Wednesday, June 3, 2009

Catafalque and Quincunx

For me and my friends, and presumably others of that approximate generation, an essential part of the mid-70s/mid-teenage quasi-counterculture canon was the illustrated writing of Edward Gorey. Though we may have sensed his linguistically extravagant, at times absurdist, mock-horror was perhaps not precisely a lost continent from the map of early 19th century Gothic literature, I’m not sure we quite realized he was living and writing in New York City at the same time Television and the Patti Smith Group were playing at C.B.G.B. – at the very least he seemed to be some obscure and chronologically displaced pre-War New Englander like H.P. Lovecraft.

In any event, Gorey’s love of arcane words continued to intrigue me for many years as I gradually found out what they all meant, but I somehow missed the derivation of "Amphigorey", with which he titled a pair of collections of his work. Lazily conflating the prefix "amphi-" (meaning "both" or "double") with "anthology" and thinking it a portmanteau word with no other reference, I was surprised recently to find the French word “amphigouri” in the pages of Le Rouge et Le Noir and accepted my Larousse de Poche’s gloss of it as “gibberish”. A week or so later, I immediately stumbled upon it again, in an English translation of Raymond Queneau’s Witch Grass. Thinking the translator might have allowed herself a bit of liberty, I turned to the O.E.D., to find that “amphigouri” and “amphigory” are both accepted in English usage. The derivation is uncertain but perhaps related to “category” and “allegory”.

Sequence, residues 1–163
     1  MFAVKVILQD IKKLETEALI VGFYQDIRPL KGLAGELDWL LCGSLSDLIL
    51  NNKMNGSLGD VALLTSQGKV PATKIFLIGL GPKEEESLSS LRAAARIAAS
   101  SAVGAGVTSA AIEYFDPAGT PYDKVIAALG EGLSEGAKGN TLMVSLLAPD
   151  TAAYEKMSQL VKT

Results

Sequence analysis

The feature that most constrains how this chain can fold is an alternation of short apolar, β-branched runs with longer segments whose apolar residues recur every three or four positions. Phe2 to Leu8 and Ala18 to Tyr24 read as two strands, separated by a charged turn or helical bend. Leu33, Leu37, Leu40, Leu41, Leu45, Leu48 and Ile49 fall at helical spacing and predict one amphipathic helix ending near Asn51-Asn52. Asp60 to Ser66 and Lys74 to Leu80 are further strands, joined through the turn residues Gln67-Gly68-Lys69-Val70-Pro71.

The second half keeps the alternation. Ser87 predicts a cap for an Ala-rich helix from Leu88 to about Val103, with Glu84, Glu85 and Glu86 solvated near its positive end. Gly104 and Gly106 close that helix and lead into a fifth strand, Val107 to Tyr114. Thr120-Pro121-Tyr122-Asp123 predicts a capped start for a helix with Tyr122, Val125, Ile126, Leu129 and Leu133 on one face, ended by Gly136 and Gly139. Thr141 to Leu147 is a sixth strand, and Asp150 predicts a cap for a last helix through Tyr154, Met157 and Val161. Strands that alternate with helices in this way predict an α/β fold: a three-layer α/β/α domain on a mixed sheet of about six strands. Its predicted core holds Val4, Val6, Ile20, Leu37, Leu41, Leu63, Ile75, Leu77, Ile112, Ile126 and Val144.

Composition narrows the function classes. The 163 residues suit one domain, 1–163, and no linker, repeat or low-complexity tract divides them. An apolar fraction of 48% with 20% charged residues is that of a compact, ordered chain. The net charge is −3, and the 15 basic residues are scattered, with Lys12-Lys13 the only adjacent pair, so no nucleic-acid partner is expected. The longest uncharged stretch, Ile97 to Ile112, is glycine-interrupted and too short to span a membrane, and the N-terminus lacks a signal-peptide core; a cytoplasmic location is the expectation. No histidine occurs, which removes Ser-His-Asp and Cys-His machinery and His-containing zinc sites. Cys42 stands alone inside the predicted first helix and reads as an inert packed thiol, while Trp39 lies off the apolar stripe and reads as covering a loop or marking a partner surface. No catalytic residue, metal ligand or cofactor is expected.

As for Queneau, his French title is Chiendent (dogtooth). Though "Witch Grass" may be the North American plant name for the exact species which that French name refers to (Dichanthelium boreale), it seems like the pun or multiple meanings of the title could have been echoed in translation with a little less botanical fidelity. How about "Hound's tongue", of the genus Cynoglossum, part of a family which includes wild comfrey, a Native American medicinal plant of uncertain relationship to the old World comfrey (Symphytum officinale), or "horehound" (brothels are a persistent theme in the book), a folk term for a flowering plant of the Lamiaceae family, which includes mint?

1 comment:

Jer.Eps said...


F if for Fanny sucked dry by a leech.

I got a copy of the Gashlycrumb Tinies for Christmas one year, from a Secret Santa/coworker, who I had no idea understood me perfectly.